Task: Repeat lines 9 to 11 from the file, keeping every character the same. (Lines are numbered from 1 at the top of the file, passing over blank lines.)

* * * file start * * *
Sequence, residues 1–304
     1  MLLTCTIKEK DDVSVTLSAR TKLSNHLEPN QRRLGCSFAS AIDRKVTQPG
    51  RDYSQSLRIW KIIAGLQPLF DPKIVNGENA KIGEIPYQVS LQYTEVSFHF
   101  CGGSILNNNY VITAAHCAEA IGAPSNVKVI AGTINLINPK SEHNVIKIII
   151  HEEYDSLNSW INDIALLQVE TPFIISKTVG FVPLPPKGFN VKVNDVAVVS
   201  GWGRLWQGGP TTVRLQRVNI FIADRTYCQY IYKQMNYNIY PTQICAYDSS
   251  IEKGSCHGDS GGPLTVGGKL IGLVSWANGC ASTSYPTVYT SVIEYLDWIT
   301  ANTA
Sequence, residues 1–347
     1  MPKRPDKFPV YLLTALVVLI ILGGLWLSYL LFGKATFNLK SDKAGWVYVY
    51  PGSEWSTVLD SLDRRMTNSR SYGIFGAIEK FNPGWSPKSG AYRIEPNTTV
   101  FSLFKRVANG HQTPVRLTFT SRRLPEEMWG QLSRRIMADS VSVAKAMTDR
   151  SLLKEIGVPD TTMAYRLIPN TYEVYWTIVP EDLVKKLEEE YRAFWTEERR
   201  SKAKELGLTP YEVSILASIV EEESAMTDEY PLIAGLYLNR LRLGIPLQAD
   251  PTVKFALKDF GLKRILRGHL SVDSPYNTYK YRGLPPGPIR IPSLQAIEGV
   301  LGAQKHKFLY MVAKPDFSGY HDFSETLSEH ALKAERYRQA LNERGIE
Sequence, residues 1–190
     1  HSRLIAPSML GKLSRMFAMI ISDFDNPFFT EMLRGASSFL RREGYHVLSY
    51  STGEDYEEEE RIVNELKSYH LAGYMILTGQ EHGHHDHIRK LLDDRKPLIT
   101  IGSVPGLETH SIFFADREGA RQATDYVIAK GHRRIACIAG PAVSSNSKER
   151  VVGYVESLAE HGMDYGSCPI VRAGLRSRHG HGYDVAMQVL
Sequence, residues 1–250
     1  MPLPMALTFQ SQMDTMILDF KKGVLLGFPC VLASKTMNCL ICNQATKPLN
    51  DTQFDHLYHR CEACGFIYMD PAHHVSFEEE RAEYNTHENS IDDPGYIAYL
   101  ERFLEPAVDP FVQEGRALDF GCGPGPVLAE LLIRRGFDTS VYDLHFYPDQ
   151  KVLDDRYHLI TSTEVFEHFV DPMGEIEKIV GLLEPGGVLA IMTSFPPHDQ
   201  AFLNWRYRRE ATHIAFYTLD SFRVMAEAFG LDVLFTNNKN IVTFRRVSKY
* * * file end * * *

Sequence, residues 1–347
     1  MPKRPDKFPV YLLTALVVLI ILGGLWLSYL LFGKATFNLK SDKAGWVYVY
    51  PGSEWSTVLD SLDRRMTNSR SYGIFGAIEK FNPGWSPKSG AYRIEPNTTV